Originally Posted by j54mark
It would be interesting to know if any of the GM diesel sedans are still running after all these years. Few did for long, even when new.
I know of at least one... it's here in Iowa... just saw it a couple of weeks ago, and it belongs to a friend of mine who's a mechanic. It was his grandfather's. It's got 80k on the clock and is on it's third block, this one out of the last run they made. It was junk when it was new, and hasn't improved at all with age.
Silvertwinkie is the "go-to" guy for experience in towing Airstreams with late-model sedans. He towed their 19' Bambi with a Chevy Caprice. He decided that the Caprice just couldn't do a 25' trailer, and moved up to a Suburban, but he has a LOT of experience and answers.
I know Jeep Liberty owners will probably want to filet me, but I've towed only a very light weight tent trailer with both a CJ-7 and a Scrambler. Both were questionable at best. I successfully towed a '61 Bambi with a Chevy Astro which would have been OK had I used appropriate tires and sway control. I had tall, squishy sidewall tires, and no sway control and it was a white-knuckle tow the whole time. IMHO towing ANY Airstream (including the Bambi 16' of ANY vintage) with less than a 120" wheelbase if you have the option to do something else is just plain foolish, regardless of how competent the drivetrain may be.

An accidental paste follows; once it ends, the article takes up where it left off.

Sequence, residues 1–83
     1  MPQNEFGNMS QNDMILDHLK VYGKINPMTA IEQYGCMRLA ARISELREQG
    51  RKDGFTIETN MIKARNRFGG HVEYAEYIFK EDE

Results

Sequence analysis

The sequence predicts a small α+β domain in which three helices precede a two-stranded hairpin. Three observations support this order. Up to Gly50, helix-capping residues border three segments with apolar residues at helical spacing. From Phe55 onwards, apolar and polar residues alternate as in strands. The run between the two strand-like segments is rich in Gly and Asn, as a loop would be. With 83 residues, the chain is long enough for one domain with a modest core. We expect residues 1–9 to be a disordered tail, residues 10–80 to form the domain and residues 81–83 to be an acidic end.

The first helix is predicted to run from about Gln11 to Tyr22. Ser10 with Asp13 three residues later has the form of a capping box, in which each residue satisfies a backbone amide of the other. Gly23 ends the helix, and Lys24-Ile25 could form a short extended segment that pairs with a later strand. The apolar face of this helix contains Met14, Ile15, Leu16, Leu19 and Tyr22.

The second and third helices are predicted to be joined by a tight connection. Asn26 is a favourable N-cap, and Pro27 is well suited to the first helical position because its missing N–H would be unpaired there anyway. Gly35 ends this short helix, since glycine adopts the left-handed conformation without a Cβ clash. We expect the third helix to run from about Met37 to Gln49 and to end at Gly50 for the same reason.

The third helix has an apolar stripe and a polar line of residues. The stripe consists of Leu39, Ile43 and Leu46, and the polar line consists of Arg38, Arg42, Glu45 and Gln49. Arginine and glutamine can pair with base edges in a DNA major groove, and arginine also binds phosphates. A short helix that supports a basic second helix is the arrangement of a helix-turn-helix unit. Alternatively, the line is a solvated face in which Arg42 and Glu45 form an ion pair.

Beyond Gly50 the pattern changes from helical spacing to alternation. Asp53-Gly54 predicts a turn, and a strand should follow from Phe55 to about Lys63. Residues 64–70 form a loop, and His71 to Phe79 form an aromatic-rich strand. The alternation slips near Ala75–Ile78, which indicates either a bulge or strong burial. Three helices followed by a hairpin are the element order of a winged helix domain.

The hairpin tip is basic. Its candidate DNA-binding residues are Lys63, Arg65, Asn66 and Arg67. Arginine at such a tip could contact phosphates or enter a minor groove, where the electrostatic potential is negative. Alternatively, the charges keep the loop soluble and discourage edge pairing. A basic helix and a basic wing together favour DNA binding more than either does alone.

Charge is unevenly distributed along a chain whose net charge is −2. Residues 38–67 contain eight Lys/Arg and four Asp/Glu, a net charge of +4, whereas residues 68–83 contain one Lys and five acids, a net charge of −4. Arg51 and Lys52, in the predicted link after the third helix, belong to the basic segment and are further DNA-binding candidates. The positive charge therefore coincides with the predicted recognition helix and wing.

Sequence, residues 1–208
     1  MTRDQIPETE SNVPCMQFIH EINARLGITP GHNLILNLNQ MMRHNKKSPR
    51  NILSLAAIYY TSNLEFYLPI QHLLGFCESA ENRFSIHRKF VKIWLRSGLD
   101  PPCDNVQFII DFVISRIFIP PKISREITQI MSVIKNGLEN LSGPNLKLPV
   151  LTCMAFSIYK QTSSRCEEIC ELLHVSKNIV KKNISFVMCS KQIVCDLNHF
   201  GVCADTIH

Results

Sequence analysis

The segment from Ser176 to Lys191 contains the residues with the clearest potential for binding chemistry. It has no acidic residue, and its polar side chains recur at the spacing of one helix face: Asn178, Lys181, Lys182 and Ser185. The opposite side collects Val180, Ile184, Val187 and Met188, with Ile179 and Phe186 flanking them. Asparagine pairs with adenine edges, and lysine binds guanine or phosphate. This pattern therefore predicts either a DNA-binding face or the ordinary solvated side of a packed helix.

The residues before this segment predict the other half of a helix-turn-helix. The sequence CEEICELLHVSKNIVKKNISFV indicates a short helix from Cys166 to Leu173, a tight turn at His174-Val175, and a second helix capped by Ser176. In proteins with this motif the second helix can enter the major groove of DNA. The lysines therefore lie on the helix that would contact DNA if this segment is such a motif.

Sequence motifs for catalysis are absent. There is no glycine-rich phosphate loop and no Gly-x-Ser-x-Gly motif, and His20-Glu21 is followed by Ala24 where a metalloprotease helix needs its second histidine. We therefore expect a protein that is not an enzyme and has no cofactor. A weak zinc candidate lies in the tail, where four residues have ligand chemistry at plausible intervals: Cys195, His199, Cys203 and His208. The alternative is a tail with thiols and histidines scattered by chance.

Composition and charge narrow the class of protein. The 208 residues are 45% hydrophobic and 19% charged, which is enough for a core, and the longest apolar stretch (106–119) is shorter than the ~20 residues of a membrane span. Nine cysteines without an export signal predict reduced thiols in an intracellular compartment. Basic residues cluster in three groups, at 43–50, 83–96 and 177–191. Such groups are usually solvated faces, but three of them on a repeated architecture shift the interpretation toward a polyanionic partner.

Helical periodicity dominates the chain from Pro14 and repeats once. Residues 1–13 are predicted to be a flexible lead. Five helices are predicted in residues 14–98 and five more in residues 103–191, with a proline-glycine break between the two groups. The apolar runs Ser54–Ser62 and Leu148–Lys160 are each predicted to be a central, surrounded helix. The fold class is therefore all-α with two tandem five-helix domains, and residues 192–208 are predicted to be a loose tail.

For comparisons, the Liberty has 104" wheelbase. The CJ-7 had a 93" wheelbase. The early '80s Scrambler had 103". The Chevy Astro has 111" wheelbase. The Chevy Tahoe has a 116" wheelbase. The Suburban has a 130" wheelbase and the Ford Excursion has a 137" wheelbase.
When things go bad while towing, they happen fast. The shorter the wheelbase of the tow vehicle the faster they happen, and the less time you have to respond and recover. Sway control does a good job of masking what's happening until your sway control is overcome, and then it's too late. My advice is always to give yourself as much of an edge as you can. If you're starting from scratch, get something with a longer wheelbase.
The problem with the T-reg, Land Rover and most other European imports is that they're just not built to handle the tongue weights of the U.S. trailers. European spec trailers are seldom spec'd with a tongue weight over 200lbs. Even though the European imports have been rated to tow our weights, if you choose one, make sure that the hitch setup is appropriate for your tongue weight. There was even a discussion here recently about how a Rover hitch setup failed and Rover refused to deal with the problem to the customer's satisfaction. http://www.airforums.com/forum...ght=land+rover
Not that they're not suited to the job, you just have to be very careful about what job it is that you want them to do that is within their specs.